What did I know from snippets passed down through my family? That they owned a small guest house; that my great grand mother could ‘dance on a sixpence’ and so she must have gained an invitation to the dances even though they were certainly not a well to do family; that my great grand mother from Alderney was literate but my great grandfather who was born on Guernsey was not;  that my great grandfather was a skilled gold leaf painter and he travelled to France for the pigment. All of these gems helped to weave the story of Riduna as Harriet, the leading lady was exiled from Alderney at 15yrs to stay with an aunt.


The links with Guernsey did not stop at Riduna but continued to weave through the Ancasta too. It was on Guernsey (Sarnia) in my novel that Sarah, Harriet’s daughter was first made aware that her father had another life far away from Woolston, Southampton. Not only that but he also had a family of whom he rarely spoke. Here is a short extract from Ancasta:

“They strolled in companionable silence down the short cobbled slope of Well Road, between the rows of harbourmen’s cottages. The road narrowed and turned, the way ahead being covered with shadows, before suddenly emerging into the sunlight, with the harbour in front of them. Small boats mingled, chattering messages as they fidgeted against the glittering water. They dodged a Hansom Cab racing towards the jetty and joined the wave of people walking towards the waiting steamer to England. A few were carrying their own bags but most were following on the heels of one of the many barrow boys, who frequently turned their capped heads to smile or make some light-hearted and humorous comment to check that the owners of their burdens were not too far behind. Sarah heard glimpses of conversations: sad farewells, fond recollections of their stay on the island, exciting plans for future visits or the journey ahead as she tuned in and out between the channels of her own thoughts and the reality around her.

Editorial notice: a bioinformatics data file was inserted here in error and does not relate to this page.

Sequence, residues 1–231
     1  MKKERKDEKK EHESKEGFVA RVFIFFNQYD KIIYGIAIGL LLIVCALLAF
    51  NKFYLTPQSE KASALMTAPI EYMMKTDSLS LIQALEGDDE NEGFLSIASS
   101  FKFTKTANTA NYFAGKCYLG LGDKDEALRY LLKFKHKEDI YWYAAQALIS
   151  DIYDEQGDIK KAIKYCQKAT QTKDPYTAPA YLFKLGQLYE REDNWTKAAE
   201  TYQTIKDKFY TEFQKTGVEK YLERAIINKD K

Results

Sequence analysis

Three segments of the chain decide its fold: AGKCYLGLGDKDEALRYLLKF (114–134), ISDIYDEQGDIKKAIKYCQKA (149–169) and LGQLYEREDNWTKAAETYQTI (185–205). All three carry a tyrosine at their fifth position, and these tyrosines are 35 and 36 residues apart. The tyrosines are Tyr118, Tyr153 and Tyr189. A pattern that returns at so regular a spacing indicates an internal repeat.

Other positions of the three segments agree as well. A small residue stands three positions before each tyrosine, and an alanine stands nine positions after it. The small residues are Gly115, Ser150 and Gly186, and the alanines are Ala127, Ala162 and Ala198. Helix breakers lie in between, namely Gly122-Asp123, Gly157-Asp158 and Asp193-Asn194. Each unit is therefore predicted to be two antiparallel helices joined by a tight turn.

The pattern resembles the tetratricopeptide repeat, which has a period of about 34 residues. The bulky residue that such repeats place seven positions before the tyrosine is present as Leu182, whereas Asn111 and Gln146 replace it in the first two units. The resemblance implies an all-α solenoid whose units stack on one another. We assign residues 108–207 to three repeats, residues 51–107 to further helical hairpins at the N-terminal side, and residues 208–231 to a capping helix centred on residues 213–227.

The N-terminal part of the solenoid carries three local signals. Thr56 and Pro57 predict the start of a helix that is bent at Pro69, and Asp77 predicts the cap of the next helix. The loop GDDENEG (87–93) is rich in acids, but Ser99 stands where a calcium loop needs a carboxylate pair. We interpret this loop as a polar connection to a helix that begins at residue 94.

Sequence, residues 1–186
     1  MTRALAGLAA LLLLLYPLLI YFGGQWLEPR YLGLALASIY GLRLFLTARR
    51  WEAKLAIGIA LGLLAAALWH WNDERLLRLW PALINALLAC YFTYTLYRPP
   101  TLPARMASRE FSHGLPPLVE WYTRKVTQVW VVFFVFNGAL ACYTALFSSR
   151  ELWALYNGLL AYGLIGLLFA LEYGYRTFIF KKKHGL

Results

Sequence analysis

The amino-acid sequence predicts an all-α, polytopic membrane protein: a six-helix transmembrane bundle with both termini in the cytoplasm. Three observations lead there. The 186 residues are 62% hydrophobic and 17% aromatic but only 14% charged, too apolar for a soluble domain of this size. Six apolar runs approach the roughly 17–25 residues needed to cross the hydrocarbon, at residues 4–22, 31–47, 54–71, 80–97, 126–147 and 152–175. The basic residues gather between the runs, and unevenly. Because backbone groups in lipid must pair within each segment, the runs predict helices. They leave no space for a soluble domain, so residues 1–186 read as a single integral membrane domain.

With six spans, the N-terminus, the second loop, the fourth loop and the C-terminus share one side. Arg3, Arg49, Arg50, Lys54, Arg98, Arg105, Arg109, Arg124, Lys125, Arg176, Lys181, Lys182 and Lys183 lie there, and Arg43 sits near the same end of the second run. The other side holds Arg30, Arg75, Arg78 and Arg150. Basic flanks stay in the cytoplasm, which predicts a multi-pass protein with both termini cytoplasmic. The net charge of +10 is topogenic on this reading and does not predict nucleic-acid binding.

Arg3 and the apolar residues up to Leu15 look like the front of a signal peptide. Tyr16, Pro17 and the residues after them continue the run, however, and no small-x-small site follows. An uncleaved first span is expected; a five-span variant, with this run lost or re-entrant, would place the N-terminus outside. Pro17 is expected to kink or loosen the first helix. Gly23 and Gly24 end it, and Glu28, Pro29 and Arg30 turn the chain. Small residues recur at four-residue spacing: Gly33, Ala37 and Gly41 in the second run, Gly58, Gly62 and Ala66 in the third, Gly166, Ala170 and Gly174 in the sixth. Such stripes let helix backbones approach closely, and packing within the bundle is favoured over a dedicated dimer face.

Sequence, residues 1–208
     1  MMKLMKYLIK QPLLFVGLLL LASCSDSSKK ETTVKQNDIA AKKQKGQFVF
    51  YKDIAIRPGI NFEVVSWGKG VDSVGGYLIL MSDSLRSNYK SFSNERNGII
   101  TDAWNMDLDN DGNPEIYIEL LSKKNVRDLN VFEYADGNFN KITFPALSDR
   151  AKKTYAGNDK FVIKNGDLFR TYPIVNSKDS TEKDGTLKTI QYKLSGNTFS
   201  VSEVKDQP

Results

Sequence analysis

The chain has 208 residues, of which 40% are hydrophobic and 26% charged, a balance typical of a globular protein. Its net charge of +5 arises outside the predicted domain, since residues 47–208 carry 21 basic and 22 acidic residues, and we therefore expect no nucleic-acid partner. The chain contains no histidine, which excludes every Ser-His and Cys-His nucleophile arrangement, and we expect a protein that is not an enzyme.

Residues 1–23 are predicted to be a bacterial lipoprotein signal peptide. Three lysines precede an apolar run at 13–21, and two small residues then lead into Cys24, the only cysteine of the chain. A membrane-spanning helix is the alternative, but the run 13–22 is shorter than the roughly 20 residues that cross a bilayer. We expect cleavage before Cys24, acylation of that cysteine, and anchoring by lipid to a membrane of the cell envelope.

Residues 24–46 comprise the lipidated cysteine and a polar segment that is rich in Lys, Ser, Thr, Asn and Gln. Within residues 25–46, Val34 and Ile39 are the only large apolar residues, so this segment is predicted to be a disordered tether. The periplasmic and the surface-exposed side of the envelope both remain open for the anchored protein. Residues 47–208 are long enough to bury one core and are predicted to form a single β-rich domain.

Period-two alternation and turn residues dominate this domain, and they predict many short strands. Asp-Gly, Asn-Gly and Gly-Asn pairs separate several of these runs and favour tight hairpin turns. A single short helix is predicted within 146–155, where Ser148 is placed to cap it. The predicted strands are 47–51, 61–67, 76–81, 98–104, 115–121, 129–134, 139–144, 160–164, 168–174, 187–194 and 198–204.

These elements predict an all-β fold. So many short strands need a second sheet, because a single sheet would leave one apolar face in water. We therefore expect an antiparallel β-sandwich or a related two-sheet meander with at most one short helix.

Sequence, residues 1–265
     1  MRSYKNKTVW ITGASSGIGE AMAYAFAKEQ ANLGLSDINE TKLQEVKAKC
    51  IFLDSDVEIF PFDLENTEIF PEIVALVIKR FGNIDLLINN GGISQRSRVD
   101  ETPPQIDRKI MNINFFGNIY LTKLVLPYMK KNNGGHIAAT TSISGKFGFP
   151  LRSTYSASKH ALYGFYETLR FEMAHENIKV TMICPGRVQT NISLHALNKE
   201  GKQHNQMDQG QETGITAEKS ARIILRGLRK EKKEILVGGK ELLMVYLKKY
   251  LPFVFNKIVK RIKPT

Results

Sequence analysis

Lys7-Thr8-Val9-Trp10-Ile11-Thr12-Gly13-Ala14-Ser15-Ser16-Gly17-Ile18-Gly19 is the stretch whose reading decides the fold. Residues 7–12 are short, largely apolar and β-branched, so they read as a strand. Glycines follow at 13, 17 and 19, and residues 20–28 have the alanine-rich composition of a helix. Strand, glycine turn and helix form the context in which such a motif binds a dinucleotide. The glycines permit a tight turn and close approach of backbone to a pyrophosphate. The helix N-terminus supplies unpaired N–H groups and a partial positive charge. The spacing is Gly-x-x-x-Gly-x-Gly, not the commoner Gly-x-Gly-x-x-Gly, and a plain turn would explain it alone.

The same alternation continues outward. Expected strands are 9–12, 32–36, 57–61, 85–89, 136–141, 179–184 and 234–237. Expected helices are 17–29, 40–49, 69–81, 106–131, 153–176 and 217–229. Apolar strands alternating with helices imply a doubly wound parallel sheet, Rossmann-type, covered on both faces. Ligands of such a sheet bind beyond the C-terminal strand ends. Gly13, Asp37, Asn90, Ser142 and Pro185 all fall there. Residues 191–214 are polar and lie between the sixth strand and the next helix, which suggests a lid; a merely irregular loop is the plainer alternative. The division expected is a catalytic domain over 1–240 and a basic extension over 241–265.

Rose led Sarah to an area above the waiting ship, where wooden slatted seats were occupied by folks enjoying a rest or admiring the view. They found a place to sit beside an elderly couple with lined, contented faces, walking sticks leaning at their sides and wrinkled hands clasped together in eternal love and friendship. The couple beamed as the ladies joined them and it struck Sarah just how similar their features had become as they had aged together.

                Sarah sighed.